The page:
Census Bill: Right step to 2023 polls
THE Zimbabwe Election Support Network (Zesn) welcomes the move by the government to come up with a Census and Statistics Amendment Bill of 2020 to enable the delimitation of electoral boundaries to be conducted well in time before the 2023 elections.
Gazetted on June 12, this Bill will amend the Census and Statistics Act so as to align the taking of decennial national censuses in a manner that will enable the Zimbabwe Electoral Commission to take into account census data when delimiting electoral boundaries every 10 years as required by Section 161 (1) of the Constitution.
Accordingly, clause 2 will require a decennial census to be taken every 10th anniversary that ended on July 1.
This will afford Zimbabwe Electoral Commission (Zec) ample time to delimit electoral boundaries in accordance with census data.
In its recent submissions to the parliamentary portfolio committee on Justice Legal and Parliamentary Affairs, Zesn categorically opposed clause 12 of the Constitutional Amendment Bill Number 2 which sought to remove the linkage between delimitation and population censuses.
The argument that was propounded to rely on the voters’ roll to mark electoral boundaries is inadequate given the fact that a Member of Parliament or councillor is a representative of all people in a constituency or ward, not just those that are registered on the voters’ roll.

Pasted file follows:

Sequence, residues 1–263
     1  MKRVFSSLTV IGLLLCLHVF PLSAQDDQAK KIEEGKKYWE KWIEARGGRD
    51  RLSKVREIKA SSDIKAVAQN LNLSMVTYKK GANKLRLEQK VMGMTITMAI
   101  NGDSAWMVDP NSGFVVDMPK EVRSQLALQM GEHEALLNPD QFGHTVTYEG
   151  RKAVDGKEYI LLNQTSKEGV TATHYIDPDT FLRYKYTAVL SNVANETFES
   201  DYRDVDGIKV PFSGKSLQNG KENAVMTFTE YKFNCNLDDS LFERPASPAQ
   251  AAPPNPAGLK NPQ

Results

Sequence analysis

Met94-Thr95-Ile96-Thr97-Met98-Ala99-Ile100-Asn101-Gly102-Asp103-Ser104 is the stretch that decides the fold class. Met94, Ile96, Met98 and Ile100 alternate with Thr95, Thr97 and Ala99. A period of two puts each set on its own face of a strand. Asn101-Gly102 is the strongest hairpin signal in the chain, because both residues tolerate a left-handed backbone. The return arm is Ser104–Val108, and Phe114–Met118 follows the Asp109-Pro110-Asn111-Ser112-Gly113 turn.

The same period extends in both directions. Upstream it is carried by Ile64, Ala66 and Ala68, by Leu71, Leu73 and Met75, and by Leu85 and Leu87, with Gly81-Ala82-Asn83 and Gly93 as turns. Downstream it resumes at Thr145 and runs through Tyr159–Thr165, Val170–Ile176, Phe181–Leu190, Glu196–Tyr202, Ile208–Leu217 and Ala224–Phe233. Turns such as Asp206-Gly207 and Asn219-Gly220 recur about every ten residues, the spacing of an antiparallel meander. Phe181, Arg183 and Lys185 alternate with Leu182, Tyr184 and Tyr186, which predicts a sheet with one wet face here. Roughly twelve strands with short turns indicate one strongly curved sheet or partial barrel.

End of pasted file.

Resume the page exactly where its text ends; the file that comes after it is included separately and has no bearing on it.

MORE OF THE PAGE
Given population movements over the years, the current electoral boundaries are arguably no longer representative of the voters with the last delimitation exercise conducted in 2008.
The last population census was carried out in 2012 and the next is due in 2022, a year before the elections in 2023.
The census is governed by legislation and can be easily amended without effecting changes to the Constitution.
The move to amend the Census and Statistics Act is consistent with calls by Zesn for the census to be moved backwards to address concerns around the process of delimiting electoral boundaries instead of delinking the delimitation exercise from the population census.
The census provides a useful dataset which could help in improving the integrity of the delimitation exercise.
Delinking the delimitation of electoral boundaries from the population census would have affected democratic representation and raised suspicions about gerrymandering, a practice where electoral boundaries are manipulated in order to suit one political party’s interests over its competitors’ interests.
Zesn believes that the delimitation of electoral boundaries is one of the key processes in the electoral cycle with a bearing on the credibility of electoral outcomes.
Apart from conducting the census earlier so as to allow for the resultant data to be used in the delimitation exercise, Zesn encourages that principles of delimitation such as impartiality, equality of the vote, non-discrimination, representativeness and transparency be embedded in the process.